We want to encourage kids to form opinions about what they watch - to react to what they see on the screen. In this lesson, children begin to think about basic concepts - such as how audiences interpret meaning, and the constructed world of television and film.
Students will discuss the concept of human rights and then learn how these ideas led to the drafting of the United Nations Convention on the Rights of the Child.
In this lesson, students identify stereotypical images of girls and women as represented by female action heroes.
This lesson looks at the increasing prominence of gambling in the media, particularly movies and television.
In this lesson, students examine the visual codes used on television and in movies through an exploration of various camera techniques. Students begin with a discussion about camera-subject distance, and review various film techniques that are used to create visual meaning.
This lesson encourages children to explore the differences between their real families and TV families by imagining how their own families might be portrayed on a television show.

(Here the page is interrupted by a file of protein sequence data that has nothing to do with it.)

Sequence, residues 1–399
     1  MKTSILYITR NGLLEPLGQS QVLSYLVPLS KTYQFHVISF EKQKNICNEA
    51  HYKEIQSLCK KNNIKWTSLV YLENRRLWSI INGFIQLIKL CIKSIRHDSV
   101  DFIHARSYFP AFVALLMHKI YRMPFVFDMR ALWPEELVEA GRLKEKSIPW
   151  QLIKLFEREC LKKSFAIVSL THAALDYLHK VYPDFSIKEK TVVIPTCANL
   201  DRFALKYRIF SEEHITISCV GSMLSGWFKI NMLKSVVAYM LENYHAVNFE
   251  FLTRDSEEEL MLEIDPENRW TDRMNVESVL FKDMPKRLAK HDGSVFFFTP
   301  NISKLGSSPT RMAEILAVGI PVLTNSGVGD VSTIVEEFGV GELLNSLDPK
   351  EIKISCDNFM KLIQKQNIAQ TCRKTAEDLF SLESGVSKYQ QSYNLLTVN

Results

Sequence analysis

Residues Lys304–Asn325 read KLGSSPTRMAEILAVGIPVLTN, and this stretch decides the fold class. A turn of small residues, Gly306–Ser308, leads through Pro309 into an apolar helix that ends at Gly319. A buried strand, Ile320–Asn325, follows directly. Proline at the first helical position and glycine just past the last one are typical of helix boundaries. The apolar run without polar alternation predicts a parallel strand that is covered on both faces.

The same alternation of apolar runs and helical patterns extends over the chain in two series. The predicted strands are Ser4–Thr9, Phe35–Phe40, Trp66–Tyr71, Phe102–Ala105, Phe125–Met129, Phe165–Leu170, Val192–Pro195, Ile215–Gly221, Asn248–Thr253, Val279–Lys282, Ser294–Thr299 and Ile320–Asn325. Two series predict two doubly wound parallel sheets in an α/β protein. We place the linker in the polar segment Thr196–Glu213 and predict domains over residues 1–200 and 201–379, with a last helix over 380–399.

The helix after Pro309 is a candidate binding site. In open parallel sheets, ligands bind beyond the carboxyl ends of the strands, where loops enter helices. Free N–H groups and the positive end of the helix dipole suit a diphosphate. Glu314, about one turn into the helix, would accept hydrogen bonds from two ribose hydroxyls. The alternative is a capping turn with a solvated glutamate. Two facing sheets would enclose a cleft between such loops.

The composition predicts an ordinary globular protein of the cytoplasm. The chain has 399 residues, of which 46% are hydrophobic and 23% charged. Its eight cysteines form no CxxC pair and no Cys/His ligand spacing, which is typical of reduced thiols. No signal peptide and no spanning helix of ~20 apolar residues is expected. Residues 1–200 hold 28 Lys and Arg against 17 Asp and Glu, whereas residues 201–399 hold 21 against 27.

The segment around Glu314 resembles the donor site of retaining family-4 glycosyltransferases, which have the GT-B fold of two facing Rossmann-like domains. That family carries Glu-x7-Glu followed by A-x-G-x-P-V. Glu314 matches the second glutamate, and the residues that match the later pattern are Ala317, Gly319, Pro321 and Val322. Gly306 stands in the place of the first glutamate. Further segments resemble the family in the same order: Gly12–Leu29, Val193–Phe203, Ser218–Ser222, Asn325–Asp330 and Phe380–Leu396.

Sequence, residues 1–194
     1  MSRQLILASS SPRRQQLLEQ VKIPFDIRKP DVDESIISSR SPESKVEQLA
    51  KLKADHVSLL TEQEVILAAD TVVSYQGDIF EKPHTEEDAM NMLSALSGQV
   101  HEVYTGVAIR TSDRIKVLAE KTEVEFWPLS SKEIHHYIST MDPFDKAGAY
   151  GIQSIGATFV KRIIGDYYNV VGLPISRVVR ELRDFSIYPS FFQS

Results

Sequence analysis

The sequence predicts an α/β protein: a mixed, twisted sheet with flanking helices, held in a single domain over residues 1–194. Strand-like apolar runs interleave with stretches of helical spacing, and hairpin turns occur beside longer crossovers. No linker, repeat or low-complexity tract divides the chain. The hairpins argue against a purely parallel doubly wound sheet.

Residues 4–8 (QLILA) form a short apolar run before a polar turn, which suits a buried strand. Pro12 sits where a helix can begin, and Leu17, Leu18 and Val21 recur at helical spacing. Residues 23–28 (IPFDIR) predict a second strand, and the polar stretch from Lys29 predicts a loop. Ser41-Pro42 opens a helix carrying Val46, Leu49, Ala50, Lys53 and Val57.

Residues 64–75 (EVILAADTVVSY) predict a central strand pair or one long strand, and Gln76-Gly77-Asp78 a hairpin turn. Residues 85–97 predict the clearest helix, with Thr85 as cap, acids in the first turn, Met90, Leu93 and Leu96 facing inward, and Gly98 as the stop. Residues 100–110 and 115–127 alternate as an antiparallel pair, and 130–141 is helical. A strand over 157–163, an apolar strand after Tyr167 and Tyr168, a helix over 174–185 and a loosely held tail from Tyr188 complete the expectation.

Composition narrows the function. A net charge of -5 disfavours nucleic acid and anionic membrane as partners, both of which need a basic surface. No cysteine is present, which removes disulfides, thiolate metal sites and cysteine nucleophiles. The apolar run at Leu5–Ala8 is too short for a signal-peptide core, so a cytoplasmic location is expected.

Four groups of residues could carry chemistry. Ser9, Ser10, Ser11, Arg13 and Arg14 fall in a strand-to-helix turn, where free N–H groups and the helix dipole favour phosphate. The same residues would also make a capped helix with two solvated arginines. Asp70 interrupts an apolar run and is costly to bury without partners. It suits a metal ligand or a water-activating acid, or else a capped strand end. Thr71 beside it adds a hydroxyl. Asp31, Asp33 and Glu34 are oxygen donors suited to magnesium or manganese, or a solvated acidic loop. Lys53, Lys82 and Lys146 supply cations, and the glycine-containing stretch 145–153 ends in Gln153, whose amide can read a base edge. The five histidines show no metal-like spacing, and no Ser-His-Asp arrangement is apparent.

This is the first of three lessons that address gender stereotypes. The objective of this lesson is to encourage students to develop their own critical intelligence with regard to culturally inherited stereotypes, and to the images presented in the media - film and television, rock music, newspapers and magazines.
This lesson focuses on put-down mentality in the media.
This lesson develops a beginning awareness by students of how they feel towards, and respond to, different sports, and how the media represents athletics.
This lesson introduces students to the phenomenon of the“blockbuster” movie – its history,characteristics and influences. Students will also explore the role of audience in the creation of a “blockbuster” and analyze their own responses to current blockbuster films. Students will learn about the process involved in turning a film into a blockbuster by devising promotional campaigns for an imaginary movie.